Doctors are no longer allowed to pay a third-party agent (TPA) a percentage of the fee they get from patients as it will infringe the new medical code of ethics which goes into force next month January 2017, the Singapore Medical Council (SMC) announced on 13 December.

The new Ethical Code and Ethical Guidelines which were released in September had been ambivalent on this issue, which was a matter of concern to doctors. The SMC had previously stated that fees should not be "primarily" based on the work done by doctors, or be "so high" to allow fee splitting.

Fee splitting is unethical as it could be misconstrued as paying a sales commission to the TPA. Some major TPAs have charged percentage fees for many years, however many doctors have complained in recent months as some have charged up to 25% of doctors' professional fees - especially medical concierges who collect payments just for referring a patient on a particular insurance scheme or panel.

TPAs might increase costs for patients

The SMC is therefore concerned that such fees could push up costs for patients. Previously, it said it was "deliberating" on whether doctors can continue paying TPAs a percentage of their bill under the new ethics code.

Now SMC president Tan Ser Kiat has made it clear that "fees that are based on a percentage of what doctors charge patients may be construed as a form of fee splitting".

The work done by a TPA in handling and processing patients "does not vary depending on the fees doctors charge patients", Professor Tan explained. Therefore allocating them a percentage of the bill to the patient would reflect the work done by the doctor, not the TPA - and is prohibited.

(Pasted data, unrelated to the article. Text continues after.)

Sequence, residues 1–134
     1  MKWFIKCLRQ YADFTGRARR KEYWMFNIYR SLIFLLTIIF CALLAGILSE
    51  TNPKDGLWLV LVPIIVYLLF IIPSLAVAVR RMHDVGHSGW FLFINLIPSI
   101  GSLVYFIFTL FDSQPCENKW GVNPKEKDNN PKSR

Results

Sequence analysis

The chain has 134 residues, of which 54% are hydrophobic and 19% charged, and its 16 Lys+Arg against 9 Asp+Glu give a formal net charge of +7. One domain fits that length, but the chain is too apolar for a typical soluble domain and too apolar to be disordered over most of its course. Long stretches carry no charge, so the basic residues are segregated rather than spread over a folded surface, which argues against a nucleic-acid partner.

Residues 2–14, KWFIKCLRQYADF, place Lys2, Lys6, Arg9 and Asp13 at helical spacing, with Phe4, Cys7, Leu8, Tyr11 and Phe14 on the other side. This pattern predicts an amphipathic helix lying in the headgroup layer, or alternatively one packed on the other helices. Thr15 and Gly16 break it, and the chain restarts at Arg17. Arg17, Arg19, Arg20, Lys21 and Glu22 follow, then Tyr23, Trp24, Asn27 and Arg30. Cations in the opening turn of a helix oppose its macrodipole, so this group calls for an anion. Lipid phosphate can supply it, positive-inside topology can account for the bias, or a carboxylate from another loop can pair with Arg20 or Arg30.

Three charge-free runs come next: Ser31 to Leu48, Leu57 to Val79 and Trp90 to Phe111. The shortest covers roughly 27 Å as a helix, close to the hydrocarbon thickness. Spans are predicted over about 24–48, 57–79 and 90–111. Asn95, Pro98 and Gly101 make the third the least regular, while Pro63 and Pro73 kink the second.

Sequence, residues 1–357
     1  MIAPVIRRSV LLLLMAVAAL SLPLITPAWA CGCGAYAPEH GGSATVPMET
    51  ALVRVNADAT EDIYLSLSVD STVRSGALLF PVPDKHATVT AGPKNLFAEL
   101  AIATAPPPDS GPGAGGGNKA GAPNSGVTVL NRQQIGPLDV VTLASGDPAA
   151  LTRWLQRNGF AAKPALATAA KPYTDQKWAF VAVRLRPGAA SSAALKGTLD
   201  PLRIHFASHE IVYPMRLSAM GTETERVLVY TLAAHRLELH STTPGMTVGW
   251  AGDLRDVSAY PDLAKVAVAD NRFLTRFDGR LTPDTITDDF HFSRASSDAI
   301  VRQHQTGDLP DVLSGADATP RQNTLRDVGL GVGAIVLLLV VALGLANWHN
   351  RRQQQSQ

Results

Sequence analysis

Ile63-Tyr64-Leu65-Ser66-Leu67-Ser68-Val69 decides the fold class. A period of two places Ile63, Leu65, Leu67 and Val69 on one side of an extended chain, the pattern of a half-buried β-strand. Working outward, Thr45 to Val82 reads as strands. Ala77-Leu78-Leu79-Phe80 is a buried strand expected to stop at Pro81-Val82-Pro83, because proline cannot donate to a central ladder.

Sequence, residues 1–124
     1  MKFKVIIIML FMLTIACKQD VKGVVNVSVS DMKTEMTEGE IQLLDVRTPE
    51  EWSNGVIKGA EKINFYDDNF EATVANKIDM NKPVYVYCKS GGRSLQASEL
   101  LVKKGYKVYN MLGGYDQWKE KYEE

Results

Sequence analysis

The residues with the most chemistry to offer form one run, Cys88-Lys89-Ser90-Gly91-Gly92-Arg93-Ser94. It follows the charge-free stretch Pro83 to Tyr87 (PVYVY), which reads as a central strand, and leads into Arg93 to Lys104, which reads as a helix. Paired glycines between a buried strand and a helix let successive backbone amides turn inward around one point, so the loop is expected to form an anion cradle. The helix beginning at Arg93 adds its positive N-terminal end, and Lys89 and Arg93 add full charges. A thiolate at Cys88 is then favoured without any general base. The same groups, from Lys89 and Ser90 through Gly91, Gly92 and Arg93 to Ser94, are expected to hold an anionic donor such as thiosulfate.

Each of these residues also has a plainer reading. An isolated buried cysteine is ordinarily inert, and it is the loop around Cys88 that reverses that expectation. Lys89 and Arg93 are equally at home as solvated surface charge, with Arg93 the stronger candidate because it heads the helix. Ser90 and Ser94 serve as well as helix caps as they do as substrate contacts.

It would be considered a breach of professional ethics "regardless of when the doctor entered into such an arrangement with the third party", he added.

However, a grace period of six months is provided for the doctors to negotiate a new agreement and to prevent confusing patients. The guideline will be in full force on 1 July 2017.

TPAs reflect on SMC announcement

Some TPA companies such as MHC Asia Group and Parkway Shenton are willing to review their fee models in light of SMC's advisory.

MHC Asia Group's CEO Low Lee Yong said MHC is hoping to meet the SMC for a dialogue on the matter "since it affects the livelihood of over 1,200 doctors in our panel".

He defended the model of charging percentage fees, as a flat fee could ironically end up "punishing" doctors for keeping their fees low.

"A flat fee of S$5 is 25% to the doctor who keeps the healthcare cost low at S$20, But it is only 5% for the doctor who charges S$100," he explained.

Ms. Veronica Allen, CEO of Parkway Shenton, said it is studying the latest advisory from SMC and is in the midst of working out a fair fee structure that reflects the value it provides, yet benefits all doctors. It reported a flat 10% fee, but has decided before SMC's advisory to offer a variation of fixed and variable fees to be launched by the end of this year.

Fees must reflect fair work and transparency

Professor Tan reminded doctors that their duty is to always place patients' best interests above business or financial considerations and should consider if such agreements "will result in profiteering".

"The fees must reflect the fair work done by third parties in handling and processing the patients. The fees must also be transparent to the patient," he added.

Dr. Desmon Wai, a private gastroenterologist who has agreements with three TPAs, lauded the ruling as he views it as SMC's "efforts to clamp down unethical practices" by some medical concierges who introduce patients for profiteering purposes.

He said that he is fine with telling patients the exact amount that goes to the TPAs, which he says comes from his fee, and is not from a mark-up.

The SMC said, "The penalty depends on the extent of the misconduct, for example, it may vary from a letter of advice or warning to a formal disciplinary inquiry, depending on the circumstances." MIMS

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